“The Army is proud to have contributed to the protection of such a wonderful cultural and natural resource,” said Colonel Howard Killian, former commander, U.S. Army Garrison, Hawai’i . “We will continue our efforts to work in partnership with the State to preserve important habitat to benefit Hawai’i’s future generations.”
U.S. Senator Daniel Inouye said, “Programs like the Army Compatible Use Buffer Program serve the extremely useful purpose of protecting Hawai’i’s fragile environment while at the same time, making sure that our troops have places to train. I was happy to support the U.S. Army Garrison, Hawai’i’s efforts to obtain adequate funding for this program in Hawai’i.”
U.S. Congressman Neil Abercrombie said, “I am pleased that our office could assist in supporting adequate funding to the Army Compatible Use Buffer Zone Program’s Hawai’i projects. This is a win-win program in which the Army helps to protect Hawai’i’s special natural and cultural resources.”
Kamana Nui and Kamani Iki are the traditional names of the two valleys previously known as Moanalua Valley located within the ahupua’a of Moanalua. The valleys contain five distinct forest types and over nine miles of streams. The native forest provides important habitat for endangered plants and animals, including the ‘Elepaio forest bird (a Hawaiian symbol of canoe making), and is the location of the last sighting of the O’ahu Creeper (‘o’o), now thought to be extinct. The valleys house several culturally important sites, including a famed pohaku (stone) carved with unique petroglyphs found nowhere else in Hawai’i. It also features stone bridges hand-crafted by Italian masons in the late 1800’s.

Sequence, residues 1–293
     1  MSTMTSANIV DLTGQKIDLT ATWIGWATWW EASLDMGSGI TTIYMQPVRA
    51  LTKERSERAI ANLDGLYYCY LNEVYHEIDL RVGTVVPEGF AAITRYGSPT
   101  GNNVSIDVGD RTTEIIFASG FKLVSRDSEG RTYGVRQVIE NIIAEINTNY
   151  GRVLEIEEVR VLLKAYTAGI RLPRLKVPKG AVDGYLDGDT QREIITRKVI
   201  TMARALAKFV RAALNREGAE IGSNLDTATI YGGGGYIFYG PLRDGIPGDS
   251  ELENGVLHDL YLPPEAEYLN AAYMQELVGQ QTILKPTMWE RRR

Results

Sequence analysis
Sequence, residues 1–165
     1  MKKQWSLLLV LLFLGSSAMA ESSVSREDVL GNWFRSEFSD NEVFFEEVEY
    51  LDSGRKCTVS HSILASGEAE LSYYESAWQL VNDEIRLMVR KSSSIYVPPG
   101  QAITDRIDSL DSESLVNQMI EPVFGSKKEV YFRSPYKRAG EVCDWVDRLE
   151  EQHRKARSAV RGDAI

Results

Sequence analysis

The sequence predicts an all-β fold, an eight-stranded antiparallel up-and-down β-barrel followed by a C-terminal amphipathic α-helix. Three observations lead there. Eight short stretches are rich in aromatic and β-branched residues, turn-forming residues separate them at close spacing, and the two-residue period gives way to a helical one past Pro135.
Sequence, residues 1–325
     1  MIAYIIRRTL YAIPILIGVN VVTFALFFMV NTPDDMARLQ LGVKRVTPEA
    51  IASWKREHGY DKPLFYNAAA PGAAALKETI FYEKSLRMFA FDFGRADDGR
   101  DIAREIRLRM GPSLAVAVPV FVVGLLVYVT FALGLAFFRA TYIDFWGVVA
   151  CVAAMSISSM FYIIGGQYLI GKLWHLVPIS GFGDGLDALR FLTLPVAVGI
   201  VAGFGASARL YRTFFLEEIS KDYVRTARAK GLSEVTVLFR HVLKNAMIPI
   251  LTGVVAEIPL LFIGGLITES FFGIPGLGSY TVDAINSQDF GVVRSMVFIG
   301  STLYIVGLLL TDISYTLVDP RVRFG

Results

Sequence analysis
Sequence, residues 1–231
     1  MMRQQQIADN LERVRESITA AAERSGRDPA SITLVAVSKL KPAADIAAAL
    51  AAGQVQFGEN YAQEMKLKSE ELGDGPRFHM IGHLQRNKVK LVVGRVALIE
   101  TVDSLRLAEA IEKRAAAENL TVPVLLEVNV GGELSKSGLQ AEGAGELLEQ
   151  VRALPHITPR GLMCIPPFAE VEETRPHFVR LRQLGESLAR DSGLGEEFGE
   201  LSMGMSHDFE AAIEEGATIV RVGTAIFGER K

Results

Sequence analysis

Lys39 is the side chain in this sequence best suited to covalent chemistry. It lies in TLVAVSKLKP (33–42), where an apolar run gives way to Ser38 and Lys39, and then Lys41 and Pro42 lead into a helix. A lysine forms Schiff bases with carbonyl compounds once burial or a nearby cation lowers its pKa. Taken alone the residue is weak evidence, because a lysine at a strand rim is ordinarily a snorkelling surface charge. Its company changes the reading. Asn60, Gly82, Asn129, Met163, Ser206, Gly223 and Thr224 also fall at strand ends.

The valleys will be managed by the State Department of Land and Natural Resources, Division of Forestry and Wildlife (DOFAW) as part of the State Forest Reserve and the Ko’olau Watershed Partnership. The valley will be open to the public for hiking, hunting, cultural resource preservation, and education. The back of the valley will also be managed for wildlife preservation.
“This property will preserve important native habitat, and watershed, as well as offer area residents and visitors an opportunity to leave the city behind and experience nature and cultural history close at hand,” said Laura Thielen, DLNR Chairperson. “This is another successful example of how public-private partnerships can preserve land and natural/cultural resources for future generations.”
“These beautiful valleys are just ten minutes from downtown Honolulu,” said Lea Hong, Hawaiian Islands Program Director for TPL. “The property could not have been protected without the cooperation and partnership of the landowner, the project funders, our public officials, the Kamawaelualani/Kahikilaulani ‘Ohana, and the community. Working together, we can make positive change.”
The TPL Hawai’i office has protected over 36,000 acres in Hawai’i. Last year, TPL worked with government and community partners to protect 1,129 acres at Pupukea-Paumalu on the North Shore of O’ahu. Currently, TPL Hawai’i is working to protect over 3,500 acre Honouliuli Preserve, located at the top of the east Wai’anae Mountain Range above Makakilo and Kunia; providing technical assistance to the County of Hawai’i to protect 550 acres of coastal land in Ka’u; and assisting MA’O Farm in Wai’anae acquire 11 acres of agricultural land.
The Trust For Public Land is a national nonprofit land conservation organization founded in 1972 to conserve land for people. In Hawai’i, TPL works side by side with land trusts, community groups and public agencies to protect lands important to the people of Hawai’i.